You can get these properties from many sources:
1. MLS listing of a Lender Owned or Real Estate Owned Property, this is pretty much a normal buyer transaction
2. Get a REO from a bank auction such as REDC (most are on MLS)
3. Buy at the county weekly foreclosure auction (Need cash, no inspection, deed could be clouded), you should get a specialist and/or specialized training and tools to do this right. Let me know if you want to pursue this path.
4. Buy a "distressed" property in foreclosure that is called a short sale. It will be anything but short, but deals can be had for the patient.
5. Another way to buy is from a wholesaler who has distressed properties and all of the above fit into that category. This is also not for the faint of heart.
Use a realtor that is SFR, REOS or CDPE credentialed. It can cost you nothing, and can help you stay out of trouble if you stick to their advice. Be prepared to have to do some fixes that you would normally have the seller do in a normal transaction.
We have experienced buyers agents who can help you with this. Just call or email me if we can help.
The Bandy Team
RE/MAX Professionals - Denver, CO
"From Our Heart to Your Home"
The answer that Grace gave you is "spot on." Work with a realtor who has had short sale and reo experience. We'd love to help you to find your dream home. Certainly with the extension of the tax credit and the fact that some existing homeowners qualify for a tax credit, makes this an ideal time to buy. Contact us if you're not working with a realtor yet! http://www.swanrealtorgroup.com
Foreclosure properties are listed on the mls just like all other homes, or your can buy them at the foreclosure auction. The foreclosure auction takes lots of study and patience on your part and doesn't always pan out the way you think.
The best way to buy a foreclosure is to watch everyday what is coming on the market in the area you like. These properties usually have multiple offers on them very quickly, so you need to be the first to get your offer in.
The best buyer for a bank is someone who is going to purchase the home as their principle residence and has lots of money to use as a down payment. The 2nd best buyer is an Investor who has cash. FHA buyers are the next category, and lastly investors who do not have cash.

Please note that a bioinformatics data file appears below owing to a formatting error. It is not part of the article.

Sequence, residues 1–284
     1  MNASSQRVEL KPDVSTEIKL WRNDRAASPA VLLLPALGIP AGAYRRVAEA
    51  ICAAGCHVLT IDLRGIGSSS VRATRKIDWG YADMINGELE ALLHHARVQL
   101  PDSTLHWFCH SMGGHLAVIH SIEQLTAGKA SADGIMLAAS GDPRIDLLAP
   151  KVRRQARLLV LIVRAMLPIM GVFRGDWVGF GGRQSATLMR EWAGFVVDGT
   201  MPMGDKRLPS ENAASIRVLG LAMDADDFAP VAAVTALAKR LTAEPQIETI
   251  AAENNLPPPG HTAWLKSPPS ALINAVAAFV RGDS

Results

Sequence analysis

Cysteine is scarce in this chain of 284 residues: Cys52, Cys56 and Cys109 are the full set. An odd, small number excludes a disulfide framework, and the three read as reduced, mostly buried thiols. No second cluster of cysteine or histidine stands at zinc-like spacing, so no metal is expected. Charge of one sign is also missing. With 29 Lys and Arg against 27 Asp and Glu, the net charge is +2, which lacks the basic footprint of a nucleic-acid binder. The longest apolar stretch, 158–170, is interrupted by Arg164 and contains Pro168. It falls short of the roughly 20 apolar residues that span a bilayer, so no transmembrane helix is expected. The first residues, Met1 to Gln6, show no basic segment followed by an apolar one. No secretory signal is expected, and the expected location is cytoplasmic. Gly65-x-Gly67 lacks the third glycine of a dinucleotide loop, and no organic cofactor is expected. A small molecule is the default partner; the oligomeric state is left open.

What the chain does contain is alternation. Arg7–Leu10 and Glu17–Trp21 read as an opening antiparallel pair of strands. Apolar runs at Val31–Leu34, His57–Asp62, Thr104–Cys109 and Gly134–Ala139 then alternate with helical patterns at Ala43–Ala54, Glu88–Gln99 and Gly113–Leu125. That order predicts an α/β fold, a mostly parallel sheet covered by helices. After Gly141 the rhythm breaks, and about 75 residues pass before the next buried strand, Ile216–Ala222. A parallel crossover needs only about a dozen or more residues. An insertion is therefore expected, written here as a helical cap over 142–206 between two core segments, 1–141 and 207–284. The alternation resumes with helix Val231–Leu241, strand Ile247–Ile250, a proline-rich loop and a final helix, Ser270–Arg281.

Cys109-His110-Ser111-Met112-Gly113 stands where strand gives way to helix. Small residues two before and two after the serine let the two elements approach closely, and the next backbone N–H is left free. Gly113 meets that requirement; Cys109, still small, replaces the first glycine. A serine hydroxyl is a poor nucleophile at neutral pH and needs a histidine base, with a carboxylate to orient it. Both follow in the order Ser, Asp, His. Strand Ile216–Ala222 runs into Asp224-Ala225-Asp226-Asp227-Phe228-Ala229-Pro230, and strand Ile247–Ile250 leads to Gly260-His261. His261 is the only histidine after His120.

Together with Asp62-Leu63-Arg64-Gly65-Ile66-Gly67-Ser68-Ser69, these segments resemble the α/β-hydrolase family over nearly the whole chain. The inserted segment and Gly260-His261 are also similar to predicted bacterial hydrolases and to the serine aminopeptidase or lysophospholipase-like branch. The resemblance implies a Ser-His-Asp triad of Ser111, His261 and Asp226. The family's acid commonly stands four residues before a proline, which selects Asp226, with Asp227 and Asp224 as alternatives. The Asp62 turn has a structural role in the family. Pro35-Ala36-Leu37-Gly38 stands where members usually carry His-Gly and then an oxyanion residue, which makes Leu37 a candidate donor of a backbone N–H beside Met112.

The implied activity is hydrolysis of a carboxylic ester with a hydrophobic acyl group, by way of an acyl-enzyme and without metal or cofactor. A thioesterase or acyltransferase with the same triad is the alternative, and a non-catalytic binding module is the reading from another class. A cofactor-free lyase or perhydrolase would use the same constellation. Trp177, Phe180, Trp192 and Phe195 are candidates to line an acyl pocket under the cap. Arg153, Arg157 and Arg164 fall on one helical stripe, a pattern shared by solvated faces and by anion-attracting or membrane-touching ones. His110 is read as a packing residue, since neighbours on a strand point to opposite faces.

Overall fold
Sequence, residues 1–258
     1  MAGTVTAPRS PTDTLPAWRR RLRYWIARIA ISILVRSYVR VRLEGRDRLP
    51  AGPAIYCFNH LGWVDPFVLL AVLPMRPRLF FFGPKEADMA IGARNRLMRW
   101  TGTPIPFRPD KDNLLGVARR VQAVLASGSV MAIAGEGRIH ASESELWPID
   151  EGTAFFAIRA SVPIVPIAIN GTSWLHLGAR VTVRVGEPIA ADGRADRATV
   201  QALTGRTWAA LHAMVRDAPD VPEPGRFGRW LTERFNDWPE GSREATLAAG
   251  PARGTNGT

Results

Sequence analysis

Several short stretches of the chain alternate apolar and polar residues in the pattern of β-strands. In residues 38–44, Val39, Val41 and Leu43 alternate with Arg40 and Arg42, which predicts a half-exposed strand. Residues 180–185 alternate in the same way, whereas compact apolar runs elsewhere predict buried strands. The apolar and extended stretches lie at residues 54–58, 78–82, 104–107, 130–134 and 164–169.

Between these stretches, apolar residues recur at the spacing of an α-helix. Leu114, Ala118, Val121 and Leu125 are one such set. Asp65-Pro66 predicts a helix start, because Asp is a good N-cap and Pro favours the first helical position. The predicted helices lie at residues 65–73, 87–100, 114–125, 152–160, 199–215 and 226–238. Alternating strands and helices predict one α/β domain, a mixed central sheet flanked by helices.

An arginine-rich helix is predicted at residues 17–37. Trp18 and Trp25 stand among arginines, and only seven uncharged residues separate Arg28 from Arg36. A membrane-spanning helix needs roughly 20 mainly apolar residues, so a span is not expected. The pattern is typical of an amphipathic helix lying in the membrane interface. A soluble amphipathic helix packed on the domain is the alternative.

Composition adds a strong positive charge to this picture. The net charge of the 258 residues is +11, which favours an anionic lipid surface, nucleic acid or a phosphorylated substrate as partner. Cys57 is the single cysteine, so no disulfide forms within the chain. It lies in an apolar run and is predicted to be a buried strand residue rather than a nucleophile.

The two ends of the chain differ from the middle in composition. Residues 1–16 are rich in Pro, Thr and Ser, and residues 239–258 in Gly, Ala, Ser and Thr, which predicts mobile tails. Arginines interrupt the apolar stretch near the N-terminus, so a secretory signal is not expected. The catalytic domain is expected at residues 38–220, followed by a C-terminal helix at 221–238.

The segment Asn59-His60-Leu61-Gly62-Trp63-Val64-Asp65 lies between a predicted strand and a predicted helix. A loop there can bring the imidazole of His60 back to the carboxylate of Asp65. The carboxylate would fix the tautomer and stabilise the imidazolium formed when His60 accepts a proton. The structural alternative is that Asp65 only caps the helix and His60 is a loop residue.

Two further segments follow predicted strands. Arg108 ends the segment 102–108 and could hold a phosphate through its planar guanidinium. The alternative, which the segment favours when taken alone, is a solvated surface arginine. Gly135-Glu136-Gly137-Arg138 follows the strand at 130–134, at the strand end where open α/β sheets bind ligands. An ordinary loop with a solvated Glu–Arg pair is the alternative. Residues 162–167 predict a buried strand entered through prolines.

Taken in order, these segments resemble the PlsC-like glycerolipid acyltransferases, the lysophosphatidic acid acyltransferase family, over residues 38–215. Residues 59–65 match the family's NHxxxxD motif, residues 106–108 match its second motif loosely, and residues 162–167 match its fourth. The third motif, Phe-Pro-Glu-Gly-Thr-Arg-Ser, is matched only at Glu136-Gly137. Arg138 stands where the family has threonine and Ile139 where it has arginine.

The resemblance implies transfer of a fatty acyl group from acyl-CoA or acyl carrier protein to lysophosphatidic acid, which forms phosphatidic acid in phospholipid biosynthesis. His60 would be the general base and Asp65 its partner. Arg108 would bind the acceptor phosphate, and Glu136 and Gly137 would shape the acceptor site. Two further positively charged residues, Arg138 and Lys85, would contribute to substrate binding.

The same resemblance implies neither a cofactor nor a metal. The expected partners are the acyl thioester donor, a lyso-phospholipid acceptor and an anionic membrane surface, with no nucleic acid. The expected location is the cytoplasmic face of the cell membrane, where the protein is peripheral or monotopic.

These properties typically need some work to be done to them. What that work is varies greatly, some only need cosmetic work, and others need complete remodels. Banks can also take there time answering your offer because they don't work like a typical seller. So buying bank property takes more patience on a buyers part. Its not as bad as buying a short sale but can still be a frustrating process.
If you need more help looking into the whole process let me know and I'd be glad to walk you through it.
With the exception of slightly more "hoop jumping" on the part of the buyer, buying a foreclosure or "bank owned" property is not much different than purchasing a home from a private seller. The only real difference is the wording and requirements within the purchase contract's "Addendum" often attached by the bank. Typically, however, foreclosure transactions are often "as is" (meaning the bank expects you to accept the home in its current condition without their assistance in repairs), made only to prequalified buyers (often the buyer is required to prequalify with a specific lender) , not available to FHA purchasers, and subject to specific time-tables after acceptance of the purchase agreement (for example, many banks want all contingencies removed in 7 days after acceptance of the purchase agreement).
While many may encourage you to enter the real estate market without a Realtor, I would certainly caution against it especially in purchasing short-sale or REO (bank owned) properties. Working with a Realtor who possesses foreclosure transaction experience will give you the best chance to "package" an offer that is acceptable to the bank, while also avoiding the pitfalls that can trigger monetary penalty clauses or even jeopardize your earnest money deposit.
For more information about specific details of foreclosure home transactions in your neighborhood, contact a qualified Realtor with expertise in foreclosure home sales and purchases. Good luck!!
Grace Morioka, SRES, e-Pro
Area Pro Realty
San Jose, CA